It’s been more than ten years since we saw Jake (Sam Worthington) and Neytiri (Zoe Saldana) survive the ultimate battle. Over time, Jake and Neytiri have grown together and now share four children. While the peace on Pandora has been enjoyable for some time, a returning threat from the sky now menaces everything again. This time, Jake and Neytiri are not just fighting for themselves but must consider their children’s protection and future. Can the Sully family survive the new battle?
I’m excited to say James Cameron has delivered another exciting instalment. Fans of the previous film will love and admire the continuation presented here. As a sequel, I was delighted when specific references were made to the prior movie, and as a new instalment, there is plenty of fun, entertainment, and excitement. For the sake of any spoilers, I have purposely kept my outline of the plot (including the characters) vague.
As a plot, this film goes in a direction that introduces new characters, monsters, concepts and an entirely new atmosphere that we’ve yet to see within the Avatar universe. While the idea of the Sully family being forced to go to war and take part in a battle might not seem new, there’s still an added freshness and interesting plot outlines that are engaging for the entire duration. It should also be noted that while the film carries a hefty runtime of three hours and twelve minutes, I found myself so engaged that I didn’t even feel the long duration. Thankfully, something was constantly occurring on-screen, with only a few scenes slightly dragging on longer than I preferred.
Visually, Avatar: The Way of Water is once again breathtaking, and viewers who see the film in 3D will gain a more fantastic experience than the standard 2D viewing. Like the first movie, the 3D viewing offers significant effects and many moments that show a great depth of field, especially during scenes involving water. That being said, while many aspects such as colours, CGI effects and creative monsters are delightful, the film does suffer slightly in regards to its refresh rate. I spotted this issue at least two or three times where motion flickers or jitters, like when a video game is still processing information. While it rarely occurs, the moments where it does are distracting. The visuals in some moments of animation reminded me of some of the more modern video games available today. This isn’t a negative, but rather that the animation felt more computer-generated than a real-life visual. Sound effects were flawless and impacting during the entire duration.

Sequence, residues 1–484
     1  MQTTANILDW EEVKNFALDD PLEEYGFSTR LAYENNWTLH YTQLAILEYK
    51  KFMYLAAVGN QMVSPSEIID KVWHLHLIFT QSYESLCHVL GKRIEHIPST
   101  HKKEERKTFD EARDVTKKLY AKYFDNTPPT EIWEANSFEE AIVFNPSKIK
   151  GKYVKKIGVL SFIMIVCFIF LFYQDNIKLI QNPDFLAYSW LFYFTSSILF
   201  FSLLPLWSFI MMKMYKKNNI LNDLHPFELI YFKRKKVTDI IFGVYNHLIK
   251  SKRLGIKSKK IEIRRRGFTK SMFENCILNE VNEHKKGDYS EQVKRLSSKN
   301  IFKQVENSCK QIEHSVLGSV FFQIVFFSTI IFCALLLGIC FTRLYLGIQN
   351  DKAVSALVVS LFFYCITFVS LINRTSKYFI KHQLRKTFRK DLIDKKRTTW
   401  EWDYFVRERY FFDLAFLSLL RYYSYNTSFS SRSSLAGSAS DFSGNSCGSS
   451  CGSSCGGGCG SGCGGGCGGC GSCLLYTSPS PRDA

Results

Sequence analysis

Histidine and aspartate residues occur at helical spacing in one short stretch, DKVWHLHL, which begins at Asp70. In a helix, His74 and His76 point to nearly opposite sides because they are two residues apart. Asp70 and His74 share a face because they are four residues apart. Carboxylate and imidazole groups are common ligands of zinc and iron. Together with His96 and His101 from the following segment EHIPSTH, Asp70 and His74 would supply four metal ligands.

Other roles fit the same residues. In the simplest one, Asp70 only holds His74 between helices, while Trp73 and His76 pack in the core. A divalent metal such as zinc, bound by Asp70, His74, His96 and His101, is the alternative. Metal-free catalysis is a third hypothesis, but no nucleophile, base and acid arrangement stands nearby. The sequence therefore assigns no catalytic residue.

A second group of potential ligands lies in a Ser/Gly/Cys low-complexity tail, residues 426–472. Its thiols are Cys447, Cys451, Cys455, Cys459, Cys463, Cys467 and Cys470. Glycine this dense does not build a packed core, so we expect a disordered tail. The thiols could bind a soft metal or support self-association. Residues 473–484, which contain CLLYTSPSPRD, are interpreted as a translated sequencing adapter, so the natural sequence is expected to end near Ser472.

Overall, it’s been a while since movie lovers were invited back to Pandora but was it worth the wait? Absolutely. Don’t let the long runtime scare you; it’s barely noticeable. Fans of the previous film will experience so much more than the last instalment, with new characters, landscapes, mysteries, and a direction that feels slightly familiar but still carries plenty of excitement and freshness in the visuals. The 3D experience is enriching; however, upon the first watch, I found multiple times where the film suffered random jitters and lags, which were slightly distracting. Some visuals felt like a modern video game. Still, it’s a beautiful cinematic experience, and for me, this new chapter delivers an even more significant journey than the original.